Nay & Friedenberg attorneys provide guidance on many legal matters, including:
- Planning for the distribution of money and possessions to heirs
- Planning for possible incapacity or long-term care needs
- Providing for a family member with disabilities
- Advising and assisting executors and trustees
To learn more about our services, click on the topics listed at right.
If I can’t make legal, financial or healthcare decisions for myself, how can I be sure my wishes are carried out?
Powers of attorney for finances and advance directives for health care are simple and effective tools used by estate planners to ensure that the most appropriate person will have the authority to handle financial and health care decision making in the event of incapacity. In some cases, particularly if there is real estate such as a home, a trust is a better tool for financial management. Planning for incapacity is important to avoid the court process of guardianship and conservatorship.
How can I make sure my wealth and possessions end up in the right hands when I’m gone?
Both trusts and wills provide instructions for distribution of property upon death. These must be coordinated with assets that name beneficiaries such as pension assets and life insurance. Properly drafted and funded trusts have the added benefit of avoiding probate.
My spouse is disabled and needs more care than I can give. Will we lose everything to pay for care or are there options?
While most long term care is paid privately, if finances are a problem it is important to look at Medicaid and Veterans options. These programs have complicated eligibility rules but generally allow a healthy spouse to keep some assets and income. With the right planning, no healthy spouse will lose everything.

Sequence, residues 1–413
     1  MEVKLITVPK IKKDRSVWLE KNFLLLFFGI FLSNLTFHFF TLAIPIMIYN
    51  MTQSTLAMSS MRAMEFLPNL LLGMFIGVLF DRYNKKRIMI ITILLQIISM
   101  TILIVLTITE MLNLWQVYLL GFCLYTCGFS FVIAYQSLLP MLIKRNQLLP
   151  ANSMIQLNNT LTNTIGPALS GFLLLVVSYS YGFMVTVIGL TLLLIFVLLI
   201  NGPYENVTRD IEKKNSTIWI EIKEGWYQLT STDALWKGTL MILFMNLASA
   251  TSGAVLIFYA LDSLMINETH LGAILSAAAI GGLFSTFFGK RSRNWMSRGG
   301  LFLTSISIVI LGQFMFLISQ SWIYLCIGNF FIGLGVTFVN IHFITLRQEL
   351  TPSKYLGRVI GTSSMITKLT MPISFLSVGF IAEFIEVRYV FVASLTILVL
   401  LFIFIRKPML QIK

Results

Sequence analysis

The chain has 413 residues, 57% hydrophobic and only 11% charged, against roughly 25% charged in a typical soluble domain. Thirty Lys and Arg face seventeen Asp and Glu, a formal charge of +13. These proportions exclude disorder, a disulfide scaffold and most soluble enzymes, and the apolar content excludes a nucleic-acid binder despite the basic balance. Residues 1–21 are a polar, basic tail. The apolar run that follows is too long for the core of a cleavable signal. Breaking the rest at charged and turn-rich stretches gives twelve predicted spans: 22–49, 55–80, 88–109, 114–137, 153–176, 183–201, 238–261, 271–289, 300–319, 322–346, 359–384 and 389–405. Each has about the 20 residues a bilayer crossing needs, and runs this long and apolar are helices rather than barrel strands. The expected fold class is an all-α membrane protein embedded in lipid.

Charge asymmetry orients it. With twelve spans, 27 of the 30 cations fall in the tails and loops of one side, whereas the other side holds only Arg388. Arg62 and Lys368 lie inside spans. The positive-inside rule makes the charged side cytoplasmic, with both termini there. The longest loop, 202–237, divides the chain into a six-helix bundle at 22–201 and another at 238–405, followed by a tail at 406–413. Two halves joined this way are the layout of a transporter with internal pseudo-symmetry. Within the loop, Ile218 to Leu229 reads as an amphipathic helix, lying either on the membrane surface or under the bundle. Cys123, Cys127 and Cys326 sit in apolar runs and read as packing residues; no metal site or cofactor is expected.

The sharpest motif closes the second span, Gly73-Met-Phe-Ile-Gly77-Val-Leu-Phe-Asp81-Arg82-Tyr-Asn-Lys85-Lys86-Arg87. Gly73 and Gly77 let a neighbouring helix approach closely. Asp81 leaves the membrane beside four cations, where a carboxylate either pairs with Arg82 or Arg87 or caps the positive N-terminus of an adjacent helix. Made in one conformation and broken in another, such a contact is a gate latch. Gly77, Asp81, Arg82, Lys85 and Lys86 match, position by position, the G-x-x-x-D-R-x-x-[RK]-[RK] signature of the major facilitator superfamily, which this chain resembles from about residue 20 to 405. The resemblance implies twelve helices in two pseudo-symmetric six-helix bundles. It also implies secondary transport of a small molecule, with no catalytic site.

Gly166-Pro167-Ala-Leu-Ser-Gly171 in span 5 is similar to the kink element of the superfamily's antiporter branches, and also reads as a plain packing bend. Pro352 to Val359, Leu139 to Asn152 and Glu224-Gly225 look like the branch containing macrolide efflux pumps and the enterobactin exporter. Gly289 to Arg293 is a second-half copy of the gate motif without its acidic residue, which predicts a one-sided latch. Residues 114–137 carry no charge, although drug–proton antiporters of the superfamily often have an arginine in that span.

My child is disabled. How can I provide for his future?
Specialized estate planning involving “special needs trusts” is usually advisable to plan for disabled children and grandchildren. These trusts allow disabled family members to remain eligible for medical coverage while having funds available to provide for special needs such as therapy, nutritional supplements, quality of life hobbies, trips and companionship.
My parents are aging. What should I know to help them when they need me?
You will be better able to help your parents if your parents plan for their future by preparing powers of attorney, advance directives for health care and a will or trust depending on their situation. You can also help your parents understand that advanced planning can mean the difference between losing everything, paying for the cost of long term care, providing for a spouse or children, paying or saving taxes and incurring or avoiding court costs.
My mother just passed away. What do I do now?
Settling an estate begins with putting together a list of assets and liabilities. The specific tasks will depend on many factors; form of ownership, value, named beneficiary or tax status. A lawyer familiar with settling estates will advise you of the most effective process to bring the decedent’s financial life to a close and can assist in the transfer of assets to beneficiaries. In an initial meeting with a probate attorney, a comprehensive review of the decedent’s estate will take place to determine whether the probate process is required or if there may be a less expensive alternative.
Do I have to be wealthy to benefit from a living trust?
Middle class people probably have more to gain by using a revocable living trust than wealthy people do. Even estates of modest value must go through probate without proper planning. The costs of probate can reduce significantly the estate’s value. In addition to avoiding probate, if there is an event of incapacity, a trust can save on the significant cost of a conservatorship.